Colocation, often referred to as “colo,” is a type of shared data center where each customer rents space in the form of cabinets or cages. The colocation provider supplies power and connectivity to the customer space and is responsible for securing building access and keeping the facility cool so equipment doesn’t overheat.
Hardware such as servers is generally supplied by the customer, although the provider may assist with installing and maintaining the hardware. A colocation provider may also provide fully-managed services from the same facility.
Components of a Colocation Data Center
Colocation data centers provide a secure and reliable environment for businesses to house their IT equipment. The key components of a colocation data center include the following:
Cabinets: Cabinets are large, enclosed metal structures that can house multiple servers and other IT equipment. They provide physical protection for the equipment and help to organize and manage the data center environment.
Racks: Racks are similar to cabinets, but they are smaller and more open. They are often used to house smaller servers and networking equipment.
Suites: Suites are typically enclosed spaces within a colocation data center that are leased to a single customer. They can be customized to meet specific needs and can include cabinets, racks, and other IT equipment.
Cross-connects: Cross-connects are physical connections between two different pieces of equipment within a colocation data center. They are versatile tools that can be used to improve interconnectivity between networks, to connect to cloud-based services, or to simply create more reliable and efficient connections between different pieces of equipment.
Remote hands: Remote hands is a service offered by colocation providers that allows customers to have their equipment serviced or repaired without having to send a technician to the data center. This can be useful for critical systems that cannot be taken offline.
Redundancy: Redundancy is the practice of having multiple backups of critical systems and components in order to minimize downtime. Colocation providers typically have redundant power supplies, cooling systems, and network connections. This ensures that if one component fails, the others continue to operate.
Why Is Colocation Needed?
Today’s global businesses often need a data center presence in the regions in which they operate. However, building and maintaining data centers can be incredibly expensive, with prices for data center hardware and energy increasing. In addition, new data centers are often subject to new sustainability requirements, which can add further costs and make a new location a poor financial choice for a single business.
More than half of organizations repatriated some data and applications from public cloud providers in 2022. (1) Reasons included security, data location, and data sovereignty. Colocation addresses these issues with less cost and effort than a self-managed data center.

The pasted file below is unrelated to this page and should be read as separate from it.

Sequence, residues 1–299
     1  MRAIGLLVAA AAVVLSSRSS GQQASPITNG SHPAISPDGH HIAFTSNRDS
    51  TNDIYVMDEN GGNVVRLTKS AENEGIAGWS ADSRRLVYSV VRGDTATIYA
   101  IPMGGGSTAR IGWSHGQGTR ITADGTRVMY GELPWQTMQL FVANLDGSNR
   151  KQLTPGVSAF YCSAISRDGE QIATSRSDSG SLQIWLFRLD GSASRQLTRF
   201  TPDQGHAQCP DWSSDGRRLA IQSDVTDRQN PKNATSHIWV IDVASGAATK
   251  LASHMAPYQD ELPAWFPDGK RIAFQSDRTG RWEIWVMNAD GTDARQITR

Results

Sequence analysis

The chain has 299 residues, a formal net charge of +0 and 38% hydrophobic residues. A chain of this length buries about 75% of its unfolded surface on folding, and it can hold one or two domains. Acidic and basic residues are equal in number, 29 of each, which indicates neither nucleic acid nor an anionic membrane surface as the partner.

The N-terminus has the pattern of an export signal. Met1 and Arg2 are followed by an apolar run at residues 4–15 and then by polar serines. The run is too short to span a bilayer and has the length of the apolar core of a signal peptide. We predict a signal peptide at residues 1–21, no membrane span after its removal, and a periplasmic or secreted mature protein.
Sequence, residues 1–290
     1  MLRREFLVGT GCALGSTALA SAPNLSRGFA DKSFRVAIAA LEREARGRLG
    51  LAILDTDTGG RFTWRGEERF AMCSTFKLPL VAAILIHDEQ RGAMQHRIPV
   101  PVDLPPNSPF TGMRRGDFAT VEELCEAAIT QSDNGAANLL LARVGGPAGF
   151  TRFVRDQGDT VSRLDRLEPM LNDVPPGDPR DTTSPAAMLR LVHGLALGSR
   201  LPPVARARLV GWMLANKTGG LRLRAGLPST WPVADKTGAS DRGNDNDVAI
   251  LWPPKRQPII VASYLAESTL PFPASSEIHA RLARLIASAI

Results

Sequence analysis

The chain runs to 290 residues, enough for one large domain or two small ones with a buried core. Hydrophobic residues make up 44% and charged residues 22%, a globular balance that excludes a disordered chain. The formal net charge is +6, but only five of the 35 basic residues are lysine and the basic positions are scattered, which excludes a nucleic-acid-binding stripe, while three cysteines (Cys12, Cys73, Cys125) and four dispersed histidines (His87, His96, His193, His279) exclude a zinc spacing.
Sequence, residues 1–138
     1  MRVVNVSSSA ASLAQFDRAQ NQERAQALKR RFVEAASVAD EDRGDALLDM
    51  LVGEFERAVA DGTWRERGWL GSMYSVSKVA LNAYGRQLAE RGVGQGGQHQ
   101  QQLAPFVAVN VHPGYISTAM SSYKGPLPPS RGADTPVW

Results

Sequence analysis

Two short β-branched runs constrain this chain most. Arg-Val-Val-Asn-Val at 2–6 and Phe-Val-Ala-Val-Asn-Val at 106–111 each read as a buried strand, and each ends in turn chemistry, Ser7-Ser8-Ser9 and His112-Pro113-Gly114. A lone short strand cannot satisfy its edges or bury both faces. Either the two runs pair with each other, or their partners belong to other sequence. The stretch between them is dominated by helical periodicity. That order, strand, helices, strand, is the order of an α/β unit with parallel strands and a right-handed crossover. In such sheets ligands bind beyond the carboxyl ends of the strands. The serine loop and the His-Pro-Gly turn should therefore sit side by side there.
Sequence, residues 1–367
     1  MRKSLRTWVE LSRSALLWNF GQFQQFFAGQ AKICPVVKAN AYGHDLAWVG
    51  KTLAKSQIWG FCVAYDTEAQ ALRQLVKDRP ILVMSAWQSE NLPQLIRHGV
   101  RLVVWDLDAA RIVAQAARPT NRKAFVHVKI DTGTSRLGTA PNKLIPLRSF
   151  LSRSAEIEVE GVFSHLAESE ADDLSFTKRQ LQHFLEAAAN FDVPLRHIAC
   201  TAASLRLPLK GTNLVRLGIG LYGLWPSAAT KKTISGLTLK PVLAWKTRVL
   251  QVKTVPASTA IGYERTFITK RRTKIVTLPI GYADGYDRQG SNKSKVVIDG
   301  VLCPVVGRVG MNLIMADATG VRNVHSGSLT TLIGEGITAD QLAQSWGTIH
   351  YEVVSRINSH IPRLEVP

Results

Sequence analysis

Colocation typically improves business uptime, reduces capital expenditures, and boosts the quality of service for customers or users.
Share expenses for lower and more predictable costs. Pay only for what you need with the option to choose less expensive locations.
Add multi-site redundancy, backup power, 24x7x365 support, and intelligent monitoring for reliable operations.
Scale up or down without building new facilities or paying for unused space and choose from multiple connectivity options.
Meet compliance requirements and restrict access with stringent physical security.
Choose from multiple communication options and an advanced network backbone to reduce latency and increase bandwidth.
Select a provider based on their renewable power or green building for shared space that’s more energy efficient.
Why Would an Organization Choose Colocation?
Colocation is the right choice for organizations that need:
- Lower costs or effort than a private data center
- Full control over their equipment
- High reliability and redundancy
- Data or applications in specific geographic locations
- Physical security on site
- Compliance with specific standards or regulations
- Expert technical support
How to Choose the Right Colocation Services Provider
- Location: Does the provider have facilities where you need them? Are the locations subject to disruption due to natural or human events?
- Infrastructure: What sort of power and cooling options do they have? Does the facility have room for you to expand?
- Components: What is the setup for the internal network infrastructure? What components are included?
- Communication: Is the provider carrier neutral? How many options do they offer?
- Access: Can you physically get to your equipment when needed?
- Security: What physical security measures are in place to prevent unauthorized access?
- Compliance: What regulations can the provider meet?
- Redundancy: What sort of backup or disaster recovery capabilities does the provider offer?
- Support: Can you contact a member of the provider’s team 24x7x365?
- Sustainability: Does the provider align with your sustainability goals? Do they offer energy from renewable sources or green buildings?
Colocation Versus Public Cloud
Public cloud is a popular alternative to traditional data centers, but how does it compare to colocation?
Evocative Offers a Full Range of Colocation Services
With customizable power, connectivity, and security packages and options for colocation cabinets, cages, or suites, Evocative offers services that meet your needs. Our 24 data centers, 32 points of presence, flexible IT deployment and management options, and carrier-neutral network access can help you power the demanding workloads of tomorrow.